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Tissue Engineering

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The term "tissue engineering" refers to methods that promote the regrowth of cells lost to trauma or disease. Tissue engineers use many methods, in​cluding the manipulation of artificial and natural materials that provide structure and biochemical instructions to young cells as they grow into specific kinds of tissue. These materials are called scaffolds because they provide support and materials for tissue regrowth in the same way that a scaffold supports workers and materials for a building under construction.

The ideal scaffold delivers just the right amount of support and chemical cues and is harmlessly broken down by the body as new tissue replaces it. The McGowan Institute is a pioneer in the development of scaffold materials, some of which are in clinical use worldwide.

Esophagus and Trachea Reconstruction


If a patient's food tube or airway is damaged, scar tissue can form, which makes breathing or swallowing impossible. Currently, there are no treatments for these conditions other than to remove the damaged areas. McGowan Institute researchers—led by Stephen Badylak, DVM, PhD, MD—are working on a method that uses natural scaffolds seeded with the patient's own cells to encourage the growth of healthy tissue instead of scar tissue. In early studies, a damaged section of the food tube was replaced with a specially formed scaffold constructed from a material already being used in humans. Within 90 days, the scaffold was replaced with functional tissue.

Nerve Guide


Cells in the peripheral nervous system can regrow, but they sometimes have trouble linking up with each other, which is essential to restore feeling and function. To aid peripheral nerve regeneration, McGowan Institute faculty member Kacey Marra, PhD, and researchers have developed scaffolds made of FDA-approved biodegradable polymers and protein beads. Channels in the scaffolds act as guides for axons, the long arms of nerve cells, to grow longer and in the right directions. In early studies, a nerve guide seeded with stem cells derived from fat restored some hind leg mobility to paralyzed rats.

Muscle Tissue Regeneration


The reconstruction of skeletal muscle tissue either lost by traumatic injury, tumor ablation, or due to congenital abnormalities is hampered by the lack of availability of functional substitutes to this native tissue. Initial studies have focused on the use of small intestinal submucosa scaffolds to replace partial lost gastrocnemius muscle and Achilles tendon. These studies have shown that this material is capable of stimulating restoration of significant muscle mass and restitution of the musclulotendinous junction restoring functionality to a damaged limb. This new muscle growth is both contractile and innervated and comprises a mixed muscle fiber population similar to the native muscle that was lost. Research in this area is conducted by McGowan Institute affiliated faculty members Stephen Badylak, DVM, PhD, MD, J. Peter Rubin, MD, Fabrisia Ambrosio, PhD, Neill Turner, PhD, and Michael Boninger, MD.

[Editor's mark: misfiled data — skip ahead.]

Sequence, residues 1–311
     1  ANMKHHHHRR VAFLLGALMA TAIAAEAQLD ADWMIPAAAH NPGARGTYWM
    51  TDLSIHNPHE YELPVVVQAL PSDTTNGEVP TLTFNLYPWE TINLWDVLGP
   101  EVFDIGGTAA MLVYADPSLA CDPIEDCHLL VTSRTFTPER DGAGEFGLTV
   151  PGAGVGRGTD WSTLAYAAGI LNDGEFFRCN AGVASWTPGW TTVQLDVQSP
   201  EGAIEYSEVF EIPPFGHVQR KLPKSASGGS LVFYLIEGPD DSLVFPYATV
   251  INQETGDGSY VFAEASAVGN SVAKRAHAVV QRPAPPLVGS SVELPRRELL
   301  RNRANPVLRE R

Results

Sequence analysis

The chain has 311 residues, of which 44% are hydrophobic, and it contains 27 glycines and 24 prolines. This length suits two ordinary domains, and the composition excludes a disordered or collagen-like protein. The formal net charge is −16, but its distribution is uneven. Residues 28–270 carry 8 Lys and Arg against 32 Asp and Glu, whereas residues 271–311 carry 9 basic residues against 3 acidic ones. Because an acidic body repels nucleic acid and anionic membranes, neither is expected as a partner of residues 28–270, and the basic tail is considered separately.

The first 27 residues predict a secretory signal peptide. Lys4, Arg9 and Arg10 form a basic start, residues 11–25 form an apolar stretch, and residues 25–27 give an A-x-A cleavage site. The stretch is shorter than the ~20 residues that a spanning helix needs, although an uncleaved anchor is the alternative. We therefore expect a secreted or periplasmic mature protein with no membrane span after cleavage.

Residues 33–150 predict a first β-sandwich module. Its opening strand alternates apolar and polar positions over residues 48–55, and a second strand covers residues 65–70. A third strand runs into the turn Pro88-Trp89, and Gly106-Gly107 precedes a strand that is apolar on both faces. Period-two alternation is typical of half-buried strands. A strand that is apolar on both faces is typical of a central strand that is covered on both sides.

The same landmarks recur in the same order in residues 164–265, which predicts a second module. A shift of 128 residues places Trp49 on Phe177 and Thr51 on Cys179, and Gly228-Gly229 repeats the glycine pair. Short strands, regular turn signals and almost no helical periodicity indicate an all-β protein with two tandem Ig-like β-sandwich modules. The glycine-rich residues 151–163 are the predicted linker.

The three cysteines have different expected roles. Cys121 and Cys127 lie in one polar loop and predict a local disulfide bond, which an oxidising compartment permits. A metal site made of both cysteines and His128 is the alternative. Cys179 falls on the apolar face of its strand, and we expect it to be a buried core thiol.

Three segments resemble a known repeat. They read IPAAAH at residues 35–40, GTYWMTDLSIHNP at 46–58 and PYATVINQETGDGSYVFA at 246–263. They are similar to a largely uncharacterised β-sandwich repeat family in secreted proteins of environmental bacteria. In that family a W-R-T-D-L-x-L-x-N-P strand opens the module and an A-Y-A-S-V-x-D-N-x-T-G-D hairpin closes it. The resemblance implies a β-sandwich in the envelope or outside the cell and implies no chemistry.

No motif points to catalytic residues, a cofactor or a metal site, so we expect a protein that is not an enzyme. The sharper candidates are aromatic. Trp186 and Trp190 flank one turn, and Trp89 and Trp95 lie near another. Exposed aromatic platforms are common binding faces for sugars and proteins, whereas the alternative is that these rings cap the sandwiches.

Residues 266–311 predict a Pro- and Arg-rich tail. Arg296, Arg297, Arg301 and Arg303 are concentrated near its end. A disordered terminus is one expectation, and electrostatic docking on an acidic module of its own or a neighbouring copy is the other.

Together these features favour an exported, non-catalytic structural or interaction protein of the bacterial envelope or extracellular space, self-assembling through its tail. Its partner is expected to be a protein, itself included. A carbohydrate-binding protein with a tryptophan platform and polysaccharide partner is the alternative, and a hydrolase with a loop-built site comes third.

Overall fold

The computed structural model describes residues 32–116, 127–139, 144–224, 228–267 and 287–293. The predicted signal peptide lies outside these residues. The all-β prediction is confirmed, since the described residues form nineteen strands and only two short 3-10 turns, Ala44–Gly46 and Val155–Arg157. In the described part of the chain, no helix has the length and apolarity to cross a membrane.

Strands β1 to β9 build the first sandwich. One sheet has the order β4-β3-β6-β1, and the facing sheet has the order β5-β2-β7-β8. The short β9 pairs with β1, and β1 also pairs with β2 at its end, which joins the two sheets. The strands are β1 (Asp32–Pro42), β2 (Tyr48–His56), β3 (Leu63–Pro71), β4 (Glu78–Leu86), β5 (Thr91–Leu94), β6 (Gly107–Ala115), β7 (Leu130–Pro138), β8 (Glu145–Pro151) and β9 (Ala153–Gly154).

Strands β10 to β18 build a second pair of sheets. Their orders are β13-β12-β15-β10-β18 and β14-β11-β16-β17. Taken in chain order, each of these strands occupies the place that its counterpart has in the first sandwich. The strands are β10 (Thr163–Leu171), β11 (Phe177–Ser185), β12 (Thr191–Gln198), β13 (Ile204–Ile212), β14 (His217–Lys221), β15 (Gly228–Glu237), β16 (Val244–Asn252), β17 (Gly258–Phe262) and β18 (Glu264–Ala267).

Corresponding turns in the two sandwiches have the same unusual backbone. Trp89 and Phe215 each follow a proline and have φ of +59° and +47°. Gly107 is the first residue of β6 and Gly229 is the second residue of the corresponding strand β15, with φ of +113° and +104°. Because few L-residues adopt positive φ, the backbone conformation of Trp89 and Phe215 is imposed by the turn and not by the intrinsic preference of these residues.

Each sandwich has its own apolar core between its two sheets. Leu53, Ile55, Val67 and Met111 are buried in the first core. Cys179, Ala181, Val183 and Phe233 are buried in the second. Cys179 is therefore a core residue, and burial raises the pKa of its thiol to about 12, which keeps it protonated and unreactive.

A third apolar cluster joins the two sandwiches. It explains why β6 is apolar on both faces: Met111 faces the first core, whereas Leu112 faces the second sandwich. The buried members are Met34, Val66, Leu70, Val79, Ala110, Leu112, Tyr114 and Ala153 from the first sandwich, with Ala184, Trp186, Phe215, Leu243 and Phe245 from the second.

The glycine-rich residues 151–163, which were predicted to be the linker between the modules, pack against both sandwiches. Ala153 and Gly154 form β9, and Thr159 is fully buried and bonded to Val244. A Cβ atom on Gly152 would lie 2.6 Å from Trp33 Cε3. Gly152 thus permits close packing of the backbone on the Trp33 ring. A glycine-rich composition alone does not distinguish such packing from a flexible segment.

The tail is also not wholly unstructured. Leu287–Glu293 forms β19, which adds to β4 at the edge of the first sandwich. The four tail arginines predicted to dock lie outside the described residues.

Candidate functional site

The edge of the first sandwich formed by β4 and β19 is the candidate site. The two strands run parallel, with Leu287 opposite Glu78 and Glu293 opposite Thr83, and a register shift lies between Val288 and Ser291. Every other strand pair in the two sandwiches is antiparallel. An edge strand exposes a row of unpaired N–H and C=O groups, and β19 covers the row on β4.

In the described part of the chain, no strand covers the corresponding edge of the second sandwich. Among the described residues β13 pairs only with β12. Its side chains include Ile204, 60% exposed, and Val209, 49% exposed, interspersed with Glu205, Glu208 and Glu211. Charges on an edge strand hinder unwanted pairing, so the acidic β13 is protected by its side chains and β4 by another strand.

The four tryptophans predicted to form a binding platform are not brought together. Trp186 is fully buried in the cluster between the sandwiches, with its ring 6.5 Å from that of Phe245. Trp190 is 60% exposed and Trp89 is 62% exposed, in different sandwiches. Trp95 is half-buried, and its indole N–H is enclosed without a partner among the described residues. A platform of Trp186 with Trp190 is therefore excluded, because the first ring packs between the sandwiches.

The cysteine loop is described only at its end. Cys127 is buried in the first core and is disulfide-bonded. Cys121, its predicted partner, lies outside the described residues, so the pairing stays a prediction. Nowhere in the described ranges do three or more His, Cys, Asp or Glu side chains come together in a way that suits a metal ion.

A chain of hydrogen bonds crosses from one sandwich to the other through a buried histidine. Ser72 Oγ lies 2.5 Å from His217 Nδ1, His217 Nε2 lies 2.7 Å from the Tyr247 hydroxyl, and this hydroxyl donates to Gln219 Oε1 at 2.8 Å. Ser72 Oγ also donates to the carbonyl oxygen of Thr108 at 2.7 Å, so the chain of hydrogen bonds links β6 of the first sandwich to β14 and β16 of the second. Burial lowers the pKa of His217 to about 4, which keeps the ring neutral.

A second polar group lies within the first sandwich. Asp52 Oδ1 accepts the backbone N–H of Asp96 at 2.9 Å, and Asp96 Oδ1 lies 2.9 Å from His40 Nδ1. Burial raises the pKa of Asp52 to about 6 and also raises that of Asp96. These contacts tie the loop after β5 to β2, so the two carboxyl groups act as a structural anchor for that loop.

Orthopaedic Injury Repairs


Orthopaedic injuries can compromise mobility and hinder quality of life, and not just for professional athletes. At the McGowan Institute for Regenerative Medicine, we've been studying the forces on bones and joints for a long time. We’ve been working on:

  • Better ways to help heal orthopaedic injuries
  • Better artificial joints
  • Replacement tissue for cartilage and ligaments
Much of what we've learned, through the efforts of McGowan Institute affiliated faculty members Prashant Kumta, PhD, MaCalus Hogan, MD, Juan Tabaos, PhD, Alejandro Almarza, PhD, and Rocky Tuan, PhD, has already improved surgical and rehabilitation techniques for orthopaedic injuries.

Whole Organ Engineering


Organ engineering, as opposed to tissue engineering, poses significant challenges including the requirement for an immediately functional vascular network, functional parenchymal cells, and lymphatic and innervation potential. In recent years a promising approach for functional organ replacement has emerged: the decellularization of whole organs, providing an acellular three-dimensional scaffold composed of extracellular matrix (ECM). Importantly, the scaffold has been shown to retain the native vascular network of the organ. The long-term goal of this work is to establish the decellularization, recellularization with autologous cells (thus avoiding the need for subsequent immunosuppression), and transplantation criteria necessary to produce functional bioengineered organs for clinical translation. McGowan Institute researchers in the Badylak lab specifically focus on whole liver and heart regeneration.​​

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